FirstPath Autism gives you access to field-tested, evidence-based treatments used successfully by autism professionals.
A simple question inspired the creation of FirstPath Autism: “Why should effective autism treatments be kept from parents or care providers?”
We believe that by providing families and professionals with access to the same clinical treatments we use every day, we can help more children reach their potential and interact successfully with their peers.
FirstPath founder Romina Kiryakous is a pioneer in autism treatment who has dedicated her career to developing innovative treatments for even the most challenging cases of autism.
Romina earned her master’s degree in psychology, with a focus on Applied Behavior Analysis (ABA). The focus of her doctoral dissertation was research in psychology and the theory of mind. She was inspired by the remarkable treatment results achieved by ABA pioneer O. Ivar Lovaas. With over a decade of research and hands-on experience in Applied Behavior Analysis, Romina and her colleagues at Genesis Behavior Center researched and refined their own unique, proven treatment for autism.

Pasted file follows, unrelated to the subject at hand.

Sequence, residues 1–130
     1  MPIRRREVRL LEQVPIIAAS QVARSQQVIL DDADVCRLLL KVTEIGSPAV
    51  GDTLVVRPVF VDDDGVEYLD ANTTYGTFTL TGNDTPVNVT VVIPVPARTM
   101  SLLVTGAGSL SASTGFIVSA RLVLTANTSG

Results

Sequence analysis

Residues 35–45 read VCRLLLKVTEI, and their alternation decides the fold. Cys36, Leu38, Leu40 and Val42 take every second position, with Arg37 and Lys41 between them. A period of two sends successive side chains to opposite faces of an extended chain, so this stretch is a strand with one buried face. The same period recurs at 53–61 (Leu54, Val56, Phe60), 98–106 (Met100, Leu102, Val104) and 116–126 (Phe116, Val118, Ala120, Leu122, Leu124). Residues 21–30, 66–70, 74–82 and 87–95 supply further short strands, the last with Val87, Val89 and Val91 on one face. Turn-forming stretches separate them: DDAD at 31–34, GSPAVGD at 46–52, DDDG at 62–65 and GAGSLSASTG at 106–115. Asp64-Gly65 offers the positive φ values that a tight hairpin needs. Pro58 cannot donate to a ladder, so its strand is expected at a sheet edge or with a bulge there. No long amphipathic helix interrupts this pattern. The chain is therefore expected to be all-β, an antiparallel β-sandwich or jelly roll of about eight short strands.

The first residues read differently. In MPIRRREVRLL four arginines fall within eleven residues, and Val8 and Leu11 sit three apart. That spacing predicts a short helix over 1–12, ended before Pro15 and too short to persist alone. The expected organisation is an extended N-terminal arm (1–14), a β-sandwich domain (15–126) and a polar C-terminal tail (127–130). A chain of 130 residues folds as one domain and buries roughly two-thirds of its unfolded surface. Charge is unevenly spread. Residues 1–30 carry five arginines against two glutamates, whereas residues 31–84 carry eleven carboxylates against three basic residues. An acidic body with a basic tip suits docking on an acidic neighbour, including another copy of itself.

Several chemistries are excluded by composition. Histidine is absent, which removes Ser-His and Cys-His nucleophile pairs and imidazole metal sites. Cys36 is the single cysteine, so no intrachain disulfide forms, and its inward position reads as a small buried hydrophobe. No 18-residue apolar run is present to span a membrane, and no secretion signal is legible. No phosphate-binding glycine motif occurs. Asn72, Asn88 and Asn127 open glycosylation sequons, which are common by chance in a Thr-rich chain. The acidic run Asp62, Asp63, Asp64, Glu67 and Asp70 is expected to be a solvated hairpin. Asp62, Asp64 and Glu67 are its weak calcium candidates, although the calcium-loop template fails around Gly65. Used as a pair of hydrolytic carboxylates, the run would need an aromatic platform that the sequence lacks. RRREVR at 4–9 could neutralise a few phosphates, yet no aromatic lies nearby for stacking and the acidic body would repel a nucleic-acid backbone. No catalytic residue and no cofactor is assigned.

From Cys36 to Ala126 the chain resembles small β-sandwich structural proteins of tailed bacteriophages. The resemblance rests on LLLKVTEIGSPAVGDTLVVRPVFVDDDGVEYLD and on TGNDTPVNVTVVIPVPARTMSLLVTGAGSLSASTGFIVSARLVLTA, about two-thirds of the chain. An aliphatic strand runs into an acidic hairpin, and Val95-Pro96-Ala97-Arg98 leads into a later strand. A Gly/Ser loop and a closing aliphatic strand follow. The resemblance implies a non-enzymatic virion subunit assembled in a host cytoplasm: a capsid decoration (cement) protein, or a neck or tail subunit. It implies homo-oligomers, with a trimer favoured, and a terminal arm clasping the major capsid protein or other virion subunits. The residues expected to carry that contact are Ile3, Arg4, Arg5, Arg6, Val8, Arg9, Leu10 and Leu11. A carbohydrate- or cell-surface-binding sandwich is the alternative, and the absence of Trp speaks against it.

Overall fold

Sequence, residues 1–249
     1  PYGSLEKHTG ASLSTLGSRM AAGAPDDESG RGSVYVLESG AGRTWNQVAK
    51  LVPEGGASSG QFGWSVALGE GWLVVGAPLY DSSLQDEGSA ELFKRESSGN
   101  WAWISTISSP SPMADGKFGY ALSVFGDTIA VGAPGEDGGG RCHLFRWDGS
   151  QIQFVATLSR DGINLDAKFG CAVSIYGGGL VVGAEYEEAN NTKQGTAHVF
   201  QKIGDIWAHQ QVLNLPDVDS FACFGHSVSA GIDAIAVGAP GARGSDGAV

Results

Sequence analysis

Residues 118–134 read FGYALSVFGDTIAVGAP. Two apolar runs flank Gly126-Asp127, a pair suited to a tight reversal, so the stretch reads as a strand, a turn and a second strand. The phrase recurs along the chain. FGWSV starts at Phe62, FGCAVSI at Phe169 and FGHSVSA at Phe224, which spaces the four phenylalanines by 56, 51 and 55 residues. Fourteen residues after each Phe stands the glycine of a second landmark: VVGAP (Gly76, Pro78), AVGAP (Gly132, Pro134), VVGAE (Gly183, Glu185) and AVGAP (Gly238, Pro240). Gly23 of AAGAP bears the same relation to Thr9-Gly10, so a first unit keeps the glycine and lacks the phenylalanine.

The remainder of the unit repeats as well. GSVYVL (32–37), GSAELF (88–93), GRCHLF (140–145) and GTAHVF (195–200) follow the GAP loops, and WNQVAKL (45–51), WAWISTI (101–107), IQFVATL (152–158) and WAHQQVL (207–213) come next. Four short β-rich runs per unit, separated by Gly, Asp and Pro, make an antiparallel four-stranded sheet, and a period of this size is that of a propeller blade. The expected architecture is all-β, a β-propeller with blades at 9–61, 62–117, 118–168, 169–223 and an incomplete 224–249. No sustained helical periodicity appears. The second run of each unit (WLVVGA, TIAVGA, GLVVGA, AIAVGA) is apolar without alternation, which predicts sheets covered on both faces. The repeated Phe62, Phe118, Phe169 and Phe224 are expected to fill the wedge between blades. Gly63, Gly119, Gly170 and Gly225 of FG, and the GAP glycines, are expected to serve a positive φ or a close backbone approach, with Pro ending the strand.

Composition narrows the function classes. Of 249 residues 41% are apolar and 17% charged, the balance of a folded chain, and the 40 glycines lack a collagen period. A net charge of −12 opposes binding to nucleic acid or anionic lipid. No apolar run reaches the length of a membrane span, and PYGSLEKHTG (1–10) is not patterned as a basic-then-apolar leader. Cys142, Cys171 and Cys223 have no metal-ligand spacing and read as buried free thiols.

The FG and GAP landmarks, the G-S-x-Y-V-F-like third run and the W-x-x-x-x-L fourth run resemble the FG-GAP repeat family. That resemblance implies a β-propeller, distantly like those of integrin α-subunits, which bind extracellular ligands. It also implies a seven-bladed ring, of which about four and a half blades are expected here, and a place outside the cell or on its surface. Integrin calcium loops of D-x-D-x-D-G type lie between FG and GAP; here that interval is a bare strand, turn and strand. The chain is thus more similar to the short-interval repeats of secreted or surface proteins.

Romina founded FirstPath because she wanted more children to receive this evidence-based treatment — treatment that has already improved the lives of hundreds of children and their families.
Amalie D. Holly
Amalie D. Holly graduated summa cum laude with a Bachelor of Arts (1995) in psychology, and earned her Master of Science with Distinction (2002) in psychology/behavior analysis from California State University Stanislaus.
While at CSUS, Mrs. Holly was a Lab Assistant in the Learning Lab; a Research Assistant for the study of the behavioral application of adaptive neural networks and computer simulations of learning; and a Teaching Assistant in both social psychology and advanced interpersonal communications classes. As a practicum student, Mrs. Holly provided family counseling services at Stanislaus Community Counseling Center and was a Behavioral Counselor at Behavioral Pediatrics, Inc., providing services for children with ADHD and their parents.